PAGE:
Kim Crawford is one of the iconic brands of New Zealand. How did it become so well known and so popular in such a short amount of time?
It's amazing to see how popular it is and it's only been 20 years. 1996 was their very first harvest. I think there's a lot of things that went into the success, but Kim and Erica focused on doing things a lot differently than other wine companies. One of the key things was coming out with the virtual winery, where they didn't own any vineyards or wineries and everything is done by contract. Wineries are expensive. There's a lot of equipment that you need to buy that you only use for a small period of time over the year. It was quite smart to share those resources and use a contract winery where you're not having to put a whole lot of money into equipment that's sitting around. Also, by using contract wineries and vineyards, they could spend a lot more time out in the market, talking to the trade and consumers. I think that really pushed the door open for New Zealand wine in those early days.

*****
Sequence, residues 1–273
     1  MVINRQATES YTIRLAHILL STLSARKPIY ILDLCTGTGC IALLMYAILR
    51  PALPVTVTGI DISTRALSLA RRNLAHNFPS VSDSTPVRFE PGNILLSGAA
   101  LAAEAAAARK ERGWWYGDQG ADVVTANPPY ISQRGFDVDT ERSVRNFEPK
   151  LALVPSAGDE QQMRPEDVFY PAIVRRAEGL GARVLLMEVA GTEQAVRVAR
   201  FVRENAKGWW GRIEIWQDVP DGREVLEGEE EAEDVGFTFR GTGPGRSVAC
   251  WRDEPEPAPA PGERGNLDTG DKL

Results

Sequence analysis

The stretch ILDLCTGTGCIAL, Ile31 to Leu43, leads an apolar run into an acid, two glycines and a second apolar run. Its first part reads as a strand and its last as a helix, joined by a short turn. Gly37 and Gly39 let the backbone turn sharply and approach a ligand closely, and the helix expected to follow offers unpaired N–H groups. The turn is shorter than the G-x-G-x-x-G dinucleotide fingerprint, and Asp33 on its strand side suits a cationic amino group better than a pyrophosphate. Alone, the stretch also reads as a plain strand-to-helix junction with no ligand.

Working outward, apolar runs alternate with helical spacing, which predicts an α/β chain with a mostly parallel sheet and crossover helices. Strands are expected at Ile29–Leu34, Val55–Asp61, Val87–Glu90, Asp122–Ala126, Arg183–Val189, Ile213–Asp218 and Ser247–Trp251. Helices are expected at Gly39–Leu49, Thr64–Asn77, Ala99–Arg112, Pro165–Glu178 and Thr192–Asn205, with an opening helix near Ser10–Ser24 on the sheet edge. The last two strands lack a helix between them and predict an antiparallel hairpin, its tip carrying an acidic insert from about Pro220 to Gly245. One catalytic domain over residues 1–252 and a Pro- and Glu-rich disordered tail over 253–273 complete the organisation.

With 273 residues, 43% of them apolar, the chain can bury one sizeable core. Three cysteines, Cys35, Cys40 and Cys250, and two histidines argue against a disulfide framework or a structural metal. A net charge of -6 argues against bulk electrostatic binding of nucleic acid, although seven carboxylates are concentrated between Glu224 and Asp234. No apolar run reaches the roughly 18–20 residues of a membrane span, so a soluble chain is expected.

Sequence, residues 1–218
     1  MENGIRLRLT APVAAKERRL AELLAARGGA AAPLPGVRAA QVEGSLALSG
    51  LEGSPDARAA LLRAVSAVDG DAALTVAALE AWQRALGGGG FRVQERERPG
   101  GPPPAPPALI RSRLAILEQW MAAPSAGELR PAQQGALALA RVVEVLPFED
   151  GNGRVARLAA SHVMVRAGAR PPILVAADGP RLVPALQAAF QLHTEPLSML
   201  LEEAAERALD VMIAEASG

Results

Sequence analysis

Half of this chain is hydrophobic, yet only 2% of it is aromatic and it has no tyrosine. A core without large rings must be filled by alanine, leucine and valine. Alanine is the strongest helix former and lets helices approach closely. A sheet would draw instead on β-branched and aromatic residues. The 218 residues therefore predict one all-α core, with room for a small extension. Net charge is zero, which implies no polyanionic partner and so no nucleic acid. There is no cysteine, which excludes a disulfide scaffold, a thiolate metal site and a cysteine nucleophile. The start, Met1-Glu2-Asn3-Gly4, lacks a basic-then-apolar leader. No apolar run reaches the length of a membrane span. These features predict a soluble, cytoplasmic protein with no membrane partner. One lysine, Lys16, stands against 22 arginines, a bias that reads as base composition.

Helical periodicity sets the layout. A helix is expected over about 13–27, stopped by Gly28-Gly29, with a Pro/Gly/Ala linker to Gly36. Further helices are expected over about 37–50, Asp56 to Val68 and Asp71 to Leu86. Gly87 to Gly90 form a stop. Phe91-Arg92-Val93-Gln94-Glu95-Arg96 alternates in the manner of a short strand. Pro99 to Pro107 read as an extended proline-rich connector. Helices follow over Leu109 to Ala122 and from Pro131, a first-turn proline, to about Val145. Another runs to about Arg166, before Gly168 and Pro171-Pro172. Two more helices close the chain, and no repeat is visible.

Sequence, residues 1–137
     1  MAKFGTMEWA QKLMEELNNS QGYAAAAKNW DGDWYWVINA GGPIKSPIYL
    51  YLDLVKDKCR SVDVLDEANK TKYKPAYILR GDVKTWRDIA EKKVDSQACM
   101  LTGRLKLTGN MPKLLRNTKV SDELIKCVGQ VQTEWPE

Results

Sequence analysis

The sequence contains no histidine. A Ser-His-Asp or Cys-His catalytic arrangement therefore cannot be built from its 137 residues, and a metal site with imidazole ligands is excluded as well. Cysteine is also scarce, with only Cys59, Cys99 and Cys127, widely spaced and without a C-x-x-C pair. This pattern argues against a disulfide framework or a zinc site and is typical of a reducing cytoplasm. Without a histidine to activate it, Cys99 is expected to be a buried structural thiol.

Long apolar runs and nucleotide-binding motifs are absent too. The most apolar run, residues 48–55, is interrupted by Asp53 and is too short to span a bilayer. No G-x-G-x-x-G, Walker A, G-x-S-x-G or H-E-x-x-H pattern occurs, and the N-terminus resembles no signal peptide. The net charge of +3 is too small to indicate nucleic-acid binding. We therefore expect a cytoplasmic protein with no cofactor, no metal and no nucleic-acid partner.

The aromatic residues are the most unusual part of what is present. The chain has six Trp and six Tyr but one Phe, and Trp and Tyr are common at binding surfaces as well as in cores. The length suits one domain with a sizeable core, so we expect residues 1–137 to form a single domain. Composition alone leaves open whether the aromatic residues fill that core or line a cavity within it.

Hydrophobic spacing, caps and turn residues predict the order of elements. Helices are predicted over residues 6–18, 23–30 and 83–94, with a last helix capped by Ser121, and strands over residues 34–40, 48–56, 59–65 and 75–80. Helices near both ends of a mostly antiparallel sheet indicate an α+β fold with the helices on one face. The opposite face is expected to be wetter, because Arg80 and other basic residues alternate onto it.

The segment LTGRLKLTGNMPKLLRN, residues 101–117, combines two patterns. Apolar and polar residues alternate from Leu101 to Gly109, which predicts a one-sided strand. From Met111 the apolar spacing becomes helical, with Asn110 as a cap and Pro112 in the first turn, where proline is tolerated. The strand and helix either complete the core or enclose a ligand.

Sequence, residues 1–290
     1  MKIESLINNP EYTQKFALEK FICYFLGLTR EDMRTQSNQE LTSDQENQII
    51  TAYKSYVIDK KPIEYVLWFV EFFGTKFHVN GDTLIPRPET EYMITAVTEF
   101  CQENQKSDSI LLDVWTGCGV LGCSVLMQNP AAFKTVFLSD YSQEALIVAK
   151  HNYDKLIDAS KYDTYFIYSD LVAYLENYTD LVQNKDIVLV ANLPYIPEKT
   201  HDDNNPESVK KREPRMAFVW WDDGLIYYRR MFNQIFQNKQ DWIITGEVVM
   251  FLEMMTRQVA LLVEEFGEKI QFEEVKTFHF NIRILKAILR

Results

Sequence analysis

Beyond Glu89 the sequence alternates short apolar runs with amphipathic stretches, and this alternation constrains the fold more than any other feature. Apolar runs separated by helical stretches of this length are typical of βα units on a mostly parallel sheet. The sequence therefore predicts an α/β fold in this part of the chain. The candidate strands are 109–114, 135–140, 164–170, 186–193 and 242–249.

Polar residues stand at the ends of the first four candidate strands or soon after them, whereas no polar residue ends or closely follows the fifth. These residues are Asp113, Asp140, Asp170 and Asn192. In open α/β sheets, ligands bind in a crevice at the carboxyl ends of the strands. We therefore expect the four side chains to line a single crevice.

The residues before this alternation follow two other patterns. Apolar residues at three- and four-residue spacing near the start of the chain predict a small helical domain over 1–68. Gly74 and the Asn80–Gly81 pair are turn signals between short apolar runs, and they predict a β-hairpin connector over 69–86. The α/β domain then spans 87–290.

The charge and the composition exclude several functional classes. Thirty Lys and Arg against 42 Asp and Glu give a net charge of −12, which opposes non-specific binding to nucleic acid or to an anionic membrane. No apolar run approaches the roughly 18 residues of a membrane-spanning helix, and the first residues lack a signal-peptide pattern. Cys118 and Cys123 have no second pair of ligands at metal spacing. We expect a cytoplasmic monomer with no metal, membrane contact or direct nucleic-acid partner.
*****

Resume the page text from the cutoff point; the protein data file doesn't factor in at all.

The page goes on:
The other part of it was that they spent a lot of time in North America. Many other wine companies in Australia or New Zealand went the traditional UK route but Kim and Erica spent a lot of time in the USA and Canada, just again, talking about the wine. So that really started things off. And it's always been a fun brand. We haven't taken ourselves too seriously. We want high quality and we want to make good wine. But, from the work we do in the winery to the way the sales team takes it out to the market, it's all about having fun and just doing things a little bit differently than the traditional wine companies. Those little elements have really made us popular here in the United States.